Suddenly, he added a certain mix to the colours and - the whole composition came alive. The image that stood before me appeared extremely three-dimensional. I'd had this experience before, while looking at my paintings under the influence of hashish. But now, this feeling of depth, this sense of looking through a doorway into another world, was happening naturally - and totally unexpectedly.
“Do you see the image three-dimensionally when you paint it?” I asked, still marvelling at the spectacle before me. “Yes,” he replied, “I always do. It usually takes me ten or fifteen minutes at first. But then it comes.” This was an extremely rare and honest admission. (Doerner never spoke about this...)
As I discovered, the marathon painting sessions also had their deeper purpose. True, after many days of painting for eight hours or more, I developed tremendous eye strain - headaches, trouble focussing, etc. But I also developed a new way of seeing the image under my brush.
After six or seven hours of concentrated painting. my ‘depth vision’ would inevitably come to me. So that, by the end of the day, I could turn to whatever large canvas was there in the studio - and look into it, as if, into another world.
Fuchs said nothing about my standing there and staring at one of his works, even though I was supposed to be painting somewhere else. On the other hand, he started to entrust me with tasks that, in a sense, required this way of seeing. One of the demands of the Mischtechnik is to render the object soley in terms of light and dark (using white casein), and in the absense of any colour (which would then be glazed later on). So, the aim at the casein stage is to render the object with as much volume as possible. I cannot remember how many times Fuchs would thunder aloud “More volume!” when pointing to a recently rendered figure. And the stunned assistant (not me, luckily...) would wonder how to make it any more voluminous than that.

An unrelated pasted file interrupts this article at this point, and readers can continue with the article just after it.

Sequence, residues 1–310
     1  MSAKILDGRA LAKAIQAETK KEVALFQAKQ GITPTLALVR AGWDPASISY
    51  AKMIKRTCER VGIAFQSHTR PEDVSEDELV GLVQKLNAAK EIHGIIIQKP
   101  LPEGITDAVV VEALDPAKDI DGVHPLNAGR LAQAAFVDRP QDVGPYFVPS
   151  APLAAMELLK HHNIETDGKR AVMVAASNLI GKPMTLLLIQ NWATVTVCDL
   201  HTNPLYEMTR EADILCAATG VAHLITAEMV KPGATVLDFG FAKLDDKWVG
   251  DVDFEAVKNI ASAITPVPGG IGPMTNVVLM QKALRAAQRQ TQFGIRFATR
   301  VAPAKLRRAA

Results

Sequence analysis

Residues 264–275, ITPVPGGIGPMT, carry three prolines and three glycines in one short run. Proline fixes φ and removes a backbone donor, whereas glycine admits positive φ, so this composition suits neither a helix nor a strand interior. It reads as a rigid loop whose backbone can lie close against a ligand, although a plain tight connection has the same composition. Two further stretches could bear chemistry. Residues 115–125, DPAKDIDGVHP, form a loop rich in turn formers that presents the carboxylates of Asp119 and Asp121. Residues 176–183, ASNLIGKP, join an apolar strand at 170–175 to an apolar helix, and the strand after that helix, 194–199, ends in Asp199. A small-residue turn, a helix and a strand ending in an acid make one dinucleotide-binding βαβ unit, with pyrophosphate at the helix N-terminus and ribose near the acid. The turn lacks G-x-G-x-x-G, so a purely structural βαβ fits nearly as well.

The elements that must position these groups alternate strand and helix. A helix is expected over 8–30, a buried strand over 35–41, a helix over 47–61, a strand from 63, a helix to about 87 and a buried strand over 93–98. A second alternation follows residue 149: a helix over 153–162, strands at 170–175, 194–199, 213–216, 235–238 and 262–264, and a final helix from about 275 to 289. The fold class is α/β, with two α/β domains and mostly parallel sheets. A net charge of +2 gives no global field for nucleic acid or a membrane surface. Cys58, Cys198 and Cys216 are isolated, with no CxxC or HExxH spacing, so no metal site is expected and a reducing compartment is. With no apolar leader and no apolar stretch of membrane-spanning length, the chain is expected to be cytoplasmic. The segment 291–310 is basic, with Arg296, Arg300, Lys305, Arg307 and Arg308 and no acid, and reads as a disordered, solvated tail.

Meanwhile, by seeing the painting three-dimensionally, I could see how the figure really did lack volume. And, what is more, the way towards rendering ‘the illusion of the third dimension’ became eminently clear. Indeed, I would ask myself how I ever even tried to paint such a thing in the absence of ‘depth vision.’ The perspective, the fore-shortening, and especially the necessary volume presented themselves to my way of seeing as natural and obvious.